| Episyron, Evagetes, Ceropales maculata, Pompilus cinereus, Arachnospila|
Episyron rufipes, the red-legged spider wasp, is a red and black or completely black spider-hunting wasp.
Episyron rufipes Wikipedia
8-12.5 mm in length. Adults are mainly black with white spots on the abdomen with the two rear legs having the middle leg, tibia and femure coloured red.
Associated with dry sandy habitats such as coastal dunes, landslips and grasslands; as well as inland heathlands (e.g. Breckland), gravel pits and gardens on sandy soils.
Excavates burrows in loose sandy soil using specialised tarsal combs often in aggregations of burrows created by females. The burrows are usually stocked with orb-spiders, mainly Meta and Araneus spp. although Lycosidae may also be predated. The prey are temporarily hung on a nearby plant whilst the burrow is dug. Some females steal the prey captured by its neighbour and females will even fight for the possession of another female's prey, i.e. kleptoparasitism. Eventually some females learn to steal the spiders in the burrow, either by driving away the rightful owner while she was sealing up the burrow, or by hunting through the soil around the aggregated burrows to find sealed burrows. .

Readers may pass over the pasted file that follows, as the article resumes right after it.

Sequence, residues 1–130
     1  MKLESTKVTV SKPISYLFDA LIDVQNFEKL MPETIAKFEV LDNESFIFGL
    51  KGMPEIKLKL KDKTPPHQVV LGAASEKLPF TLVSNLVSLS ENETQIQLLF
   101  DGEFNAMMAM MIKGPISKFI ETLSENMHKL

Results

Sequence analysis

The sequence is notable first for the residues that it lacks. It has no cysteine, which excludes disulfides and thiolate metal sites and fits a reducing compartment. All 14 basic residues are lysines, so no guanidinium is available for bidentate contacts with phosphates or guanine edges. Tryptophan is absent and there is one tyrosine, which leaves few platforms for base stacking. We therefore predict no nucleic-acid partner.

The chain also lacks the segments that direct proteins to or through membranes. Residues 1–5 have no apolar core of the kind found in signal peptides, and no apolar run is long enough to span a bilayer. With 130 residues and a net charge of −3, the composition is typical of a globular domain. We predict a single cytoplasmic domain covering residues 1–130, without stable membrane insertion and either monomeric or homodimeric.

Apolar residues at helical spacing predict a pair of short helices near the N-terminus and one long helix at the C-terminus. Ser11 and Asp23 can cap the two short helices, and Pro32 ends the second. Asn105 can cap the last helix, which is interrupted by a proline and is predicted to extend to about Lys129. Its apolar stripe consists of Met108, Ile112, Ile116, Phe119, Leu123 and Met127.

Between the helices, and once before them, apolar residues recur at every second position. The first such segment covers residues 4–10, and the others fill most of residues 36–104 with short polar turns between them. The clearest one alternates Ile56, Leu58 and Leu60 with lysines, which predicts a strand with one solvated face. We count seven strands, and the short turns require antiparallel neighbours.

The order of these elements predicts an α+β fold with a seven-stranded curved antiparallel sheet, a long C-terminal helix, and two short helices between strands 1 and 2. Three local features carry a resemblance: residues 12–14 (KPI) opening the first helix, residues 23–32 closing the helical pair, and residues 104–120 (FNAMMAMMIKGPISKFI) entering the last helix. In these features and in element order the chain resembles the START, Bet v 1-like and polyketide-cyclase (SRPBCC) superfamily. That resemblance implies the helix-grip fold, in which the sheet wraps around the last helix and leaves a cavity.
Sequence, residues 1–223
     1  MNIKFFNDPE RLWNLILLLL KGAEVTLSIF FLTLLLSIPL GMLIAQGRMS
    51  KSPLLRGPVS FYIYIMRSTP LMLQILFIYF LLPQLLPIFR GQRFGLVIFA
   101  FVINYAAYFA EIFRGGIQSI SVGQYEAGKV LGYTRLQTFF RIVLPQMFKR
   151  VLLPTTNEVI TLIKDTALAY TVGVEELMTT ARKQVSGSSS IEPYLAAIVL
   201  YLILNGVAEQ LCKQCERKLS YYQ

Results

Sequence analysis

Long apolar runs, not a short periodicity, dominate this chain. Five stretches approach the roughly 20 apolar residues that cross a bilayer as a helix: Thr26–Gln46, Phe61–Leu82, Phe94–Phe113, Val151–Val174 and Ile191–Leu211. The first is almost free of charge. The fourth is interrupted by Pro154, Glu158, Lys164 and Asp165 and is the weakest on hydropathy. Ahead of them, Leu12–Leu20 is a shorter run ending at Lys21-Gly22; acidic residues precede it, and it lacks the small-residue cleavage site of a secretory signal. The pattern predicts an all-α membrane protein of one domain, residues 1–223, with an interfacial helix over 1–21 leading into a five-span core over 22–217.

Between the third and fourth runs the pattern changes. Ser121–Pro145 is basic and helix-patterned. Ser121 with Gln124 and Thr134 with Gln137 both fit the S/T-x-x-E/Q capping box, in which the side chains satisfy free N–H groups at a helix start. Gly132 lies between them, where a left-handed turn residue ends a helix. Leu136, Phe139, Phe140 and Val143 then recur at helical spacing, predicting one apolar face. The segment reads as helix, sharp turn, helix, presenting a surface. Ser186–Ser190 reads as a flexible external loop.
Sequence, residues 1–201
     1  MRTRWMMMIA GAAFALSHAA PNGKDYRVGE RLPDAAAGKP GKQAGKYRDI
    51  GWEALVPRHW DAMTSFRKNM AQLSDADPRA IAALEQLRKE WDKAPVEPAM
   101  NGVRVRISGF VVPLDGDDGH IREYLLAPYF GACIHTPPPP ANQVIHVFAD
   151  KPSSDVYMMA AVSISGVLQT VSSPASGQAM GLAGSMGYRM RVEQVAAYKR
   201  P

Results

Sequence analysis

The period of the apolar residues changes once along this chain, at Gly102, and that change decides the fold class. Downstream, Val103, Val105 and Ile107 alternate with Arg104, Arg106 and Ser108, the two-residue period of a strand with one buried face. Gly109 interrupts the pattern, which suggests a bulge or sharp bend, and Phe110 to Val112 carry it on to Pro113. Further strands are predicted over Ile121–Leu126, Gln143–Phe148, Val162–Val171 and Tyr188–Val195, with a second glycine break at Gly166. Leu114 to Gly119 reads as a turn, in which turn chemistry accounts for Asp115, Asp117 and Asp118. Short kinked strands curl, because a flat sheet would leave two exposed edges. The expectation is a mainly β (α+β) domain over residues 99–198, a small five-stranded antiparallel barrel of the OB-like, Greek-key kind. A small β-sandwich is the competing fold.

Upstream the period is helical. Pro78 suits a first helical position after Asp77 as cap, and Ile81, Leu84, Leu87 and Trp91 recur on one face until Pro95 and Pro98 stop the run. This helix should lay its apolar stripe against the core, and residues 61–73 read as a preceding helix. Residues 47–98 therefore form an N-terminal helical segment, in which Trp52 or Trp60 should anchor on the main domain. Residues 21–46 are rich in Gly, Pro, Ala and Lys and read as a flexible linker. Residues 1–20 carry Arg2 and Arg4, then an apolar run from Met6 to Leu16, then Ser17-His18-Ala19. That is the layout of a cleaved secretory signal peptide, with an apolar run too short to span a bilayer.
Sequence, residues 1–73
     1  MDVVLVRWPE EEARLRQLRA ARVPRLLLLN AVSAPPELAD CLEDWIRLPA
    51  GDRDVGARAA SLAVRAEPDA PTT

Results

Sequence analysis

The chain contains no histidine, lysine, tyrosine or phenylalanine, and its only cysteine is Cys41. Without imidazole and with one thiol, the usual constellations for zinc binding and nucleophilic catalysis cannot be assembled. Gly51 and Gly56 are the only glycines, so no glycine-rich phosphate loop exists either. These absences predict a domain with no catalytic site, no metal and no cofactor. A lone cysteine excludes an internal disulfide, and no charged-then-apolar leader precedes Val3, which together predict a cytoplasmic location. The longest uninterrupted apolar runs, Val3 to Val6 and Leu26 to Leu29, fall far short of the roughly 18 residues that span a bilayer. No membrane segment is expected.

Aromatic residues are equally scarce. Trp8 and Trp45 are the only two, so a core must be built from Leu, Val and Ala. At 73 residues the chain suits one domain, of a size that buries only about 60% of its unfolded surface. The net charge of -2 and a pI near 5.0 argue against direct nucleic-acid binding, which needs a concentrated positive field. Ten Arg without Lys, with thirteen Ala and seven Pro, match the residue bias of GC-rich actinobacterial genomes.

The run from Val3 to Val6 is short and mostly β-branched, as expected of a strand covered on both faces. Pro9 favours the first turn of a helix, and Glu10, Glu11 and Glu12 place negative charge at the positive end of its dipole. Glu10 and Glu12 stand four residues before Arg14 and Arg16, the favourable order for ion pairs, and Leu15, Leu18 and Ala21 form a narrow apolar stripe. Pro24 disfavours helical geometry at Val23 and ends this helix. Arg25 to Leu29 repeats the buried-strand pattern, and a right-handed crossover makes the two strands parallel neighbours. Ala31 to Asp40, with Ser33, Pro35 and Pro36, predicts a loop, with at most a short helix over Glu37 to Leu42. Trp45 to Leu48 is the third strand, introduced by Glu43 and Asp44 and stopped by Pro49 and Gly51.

In Britain the flight period of adults is June to August.
Both sexes of E rufipes are often seen visiting the flowers of umbellifers for nectar.
E rufipes nests are parasitised by the Spider Wasp Evagetes pectinipes. the female of which eats the egg of Episyron and then replaces it with her own egg before the nest is resealed. E . rufipes is also parasitised by Ceropales maculata.
Western Europe to Central Asia. In Britain it is widespread and locally common in coastal areas of the south as far north as Yorkshire and Lancashire. It is less common in the north.